Join us at TNW Conference 2022 for insights into the future of tech →

The heart of tech

This article was published on November 19, 2010

    Photo: Swim over New York City in HSBC’s new swimming pool

    Photo: Swim over New York City in HSBC’s new swimming pool
    Courtney Boyd Myers
    Story by

    Courtney Boyd Myers

    Courtney Boyd Myers is the founder of audience.io, a transatlantic company designed to help New York and London based technology startups gr Courtney Boyd Myers is the founder of audience.io, a transatlantic company designed to help New York and London based technology startups grow internationally. Previously, she was the Features Editor and East Coast Editor of TNW covering New York City startups and digital innovation. She loves magnets + reading on a Kindle. You can follow her on Facebook, Twitter @CBM and .

    I want to go swimming in HSBC‘s new swimming pool in Mumbai, India. The floor of the pool has a giant aerial photograph of the New York City skyline. It’s like Waterworld but without Kevin Costner.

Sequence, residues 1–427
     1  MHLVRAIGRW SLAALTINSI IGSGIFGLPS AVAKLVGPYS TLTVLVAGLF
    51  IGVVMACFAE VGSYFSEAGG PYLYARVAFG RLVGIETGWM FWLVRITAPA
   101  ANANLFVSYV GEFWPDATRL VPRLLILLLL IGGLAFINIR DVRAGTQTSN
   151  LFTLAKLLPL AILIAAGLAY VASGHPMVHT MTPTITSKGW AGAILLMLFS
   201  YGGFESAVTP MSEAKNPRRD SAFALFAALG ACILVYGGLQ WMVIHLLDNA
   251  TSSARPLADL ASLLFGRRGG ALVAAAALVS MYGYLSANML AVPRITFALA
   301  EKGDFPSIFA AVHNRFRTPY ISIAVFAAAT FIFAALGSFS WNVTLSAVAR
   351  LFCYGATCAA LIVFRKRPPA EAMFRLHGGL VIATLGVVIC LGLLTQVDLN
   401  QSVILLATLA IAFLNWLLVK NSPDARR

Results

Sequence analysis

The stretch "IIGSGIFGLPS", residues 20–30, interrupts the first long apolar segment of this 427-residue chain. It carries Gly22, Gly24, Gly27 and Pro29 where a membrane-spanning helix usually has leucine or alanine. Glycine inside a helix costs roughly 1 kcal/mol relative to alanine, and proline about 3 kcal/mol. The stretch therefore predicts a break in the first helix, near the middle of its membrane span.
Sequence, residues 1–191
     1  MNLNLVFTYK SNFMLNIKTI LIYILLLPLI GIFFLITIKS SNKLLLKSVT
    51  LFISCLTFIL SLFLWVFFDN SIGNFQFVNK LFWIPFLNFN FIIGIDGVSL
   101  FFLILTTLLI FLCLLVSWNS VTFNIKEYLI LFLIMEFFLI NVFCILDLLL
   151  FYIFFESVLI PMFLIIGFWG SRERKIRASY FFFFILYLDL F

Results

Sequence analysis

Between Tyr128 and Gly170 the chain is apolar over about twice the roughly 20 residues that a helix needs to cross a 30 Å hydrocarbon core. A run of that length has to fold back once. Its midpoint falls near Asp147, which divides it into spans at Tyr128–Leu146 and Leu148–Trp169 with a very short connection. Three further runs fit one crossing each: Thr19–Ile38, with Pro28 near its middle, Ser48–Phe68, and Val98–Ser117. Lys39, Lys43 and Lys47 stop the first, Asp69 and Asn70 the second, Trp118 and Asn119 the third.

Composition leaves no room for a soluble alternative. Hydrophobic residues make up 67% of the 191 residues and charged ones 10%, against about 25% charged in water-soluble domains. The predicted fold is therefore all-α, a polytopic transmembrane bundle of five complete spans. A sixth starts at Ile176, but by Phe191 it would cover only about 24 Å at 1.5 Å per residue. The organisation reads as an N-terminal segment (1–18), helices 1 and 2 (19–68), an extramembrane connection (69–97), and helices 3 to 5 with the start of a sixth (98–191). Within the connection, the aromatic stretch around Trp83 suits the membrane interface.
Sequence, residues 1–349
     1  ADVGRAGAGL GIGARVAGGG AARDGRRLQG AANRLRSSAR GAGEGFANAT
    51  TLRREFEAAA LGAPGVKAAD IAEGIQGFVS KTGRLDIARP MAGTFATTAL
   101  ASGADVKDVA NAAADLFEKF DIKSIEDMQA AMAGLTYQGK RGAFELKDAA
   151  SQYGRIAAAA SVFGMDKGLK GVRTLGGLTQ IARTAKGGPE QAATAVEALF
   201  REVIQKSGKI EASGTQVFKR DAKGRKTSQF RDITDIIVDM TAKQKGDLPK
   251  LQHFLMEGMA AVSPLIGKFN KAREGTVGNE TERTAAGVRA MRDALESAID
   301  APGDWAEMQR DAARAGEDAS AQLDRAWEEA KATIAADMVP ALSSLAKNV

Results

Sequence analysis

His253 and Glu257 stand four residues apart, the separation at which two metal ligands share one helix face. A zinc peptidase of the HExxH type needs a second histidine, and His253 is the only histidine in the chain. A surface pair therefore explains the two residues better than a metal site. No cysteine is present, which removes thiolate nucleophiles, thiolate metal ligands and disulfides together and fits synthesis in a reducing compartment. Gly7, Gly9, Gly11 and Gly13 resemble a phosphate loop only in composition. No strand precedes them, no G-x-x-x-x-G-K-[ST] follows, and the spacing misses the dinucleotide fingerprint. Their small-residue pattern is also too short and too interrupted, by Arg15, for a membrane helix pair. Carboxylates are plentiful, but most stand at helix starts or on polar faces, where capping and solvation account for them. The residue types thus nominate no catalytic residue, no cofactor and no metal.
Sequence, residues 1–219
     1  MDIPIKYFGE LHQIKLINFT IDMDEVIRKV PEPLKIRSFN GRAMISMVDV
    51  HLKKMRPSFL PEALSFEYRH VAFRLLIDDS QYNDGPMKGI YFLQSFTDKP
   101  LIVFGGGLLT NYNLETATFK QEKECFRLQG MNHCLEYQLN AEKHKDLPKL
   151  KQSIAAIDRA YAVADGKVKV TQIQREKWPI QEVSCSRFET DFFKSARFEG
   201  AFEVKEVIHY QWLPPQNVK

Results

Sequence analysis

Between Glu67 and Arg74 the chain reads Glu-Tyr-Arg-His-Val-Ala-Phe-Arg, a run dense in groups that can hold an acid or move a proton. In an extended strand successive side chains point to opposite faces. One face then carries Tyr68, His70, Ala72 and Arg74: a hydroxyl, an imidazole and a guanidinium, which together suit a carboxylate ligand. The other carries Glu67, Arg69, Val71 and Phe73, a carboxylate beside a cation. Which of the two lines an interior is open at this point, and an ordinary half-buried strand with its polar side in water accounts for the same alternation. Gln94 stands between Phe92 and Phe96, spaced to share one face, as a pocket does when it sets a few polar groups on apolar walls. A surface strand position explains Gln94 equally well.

The project, conceived by Ogilvy & Mather, is intended to raise awareness about the threat of  rising sea levels due to global warming. The pool is part of a £50million project tackling climate change led by HSBC, the world’s first bank to turn carbon neutral.

    Ogilvy spokesman Nabendu Bhattacharyya said: “The challenge was to reach out to people who are otherwise indifferent to the cause in a non-theoretical manner. HSBC wanted to convey the message in a unique visual way that would grab people’s attention and couldn’t be ignored. The Ogilvy team came up with an innovative way to show the adverse impact of global climate change. They glued an aerial view of a city to the base of a swimming pool. When the pool was filled with water, it gave a shocking effect akin to a city submerged in water. The visual of a sunken city shocked swimmers and onlookers, driving home the impact of global warming, and how it could destroy our world someday.”

    Reactions to the pool have been so successful that HSBC is considering building more of them in cities worldwide.

    via @nmcglynn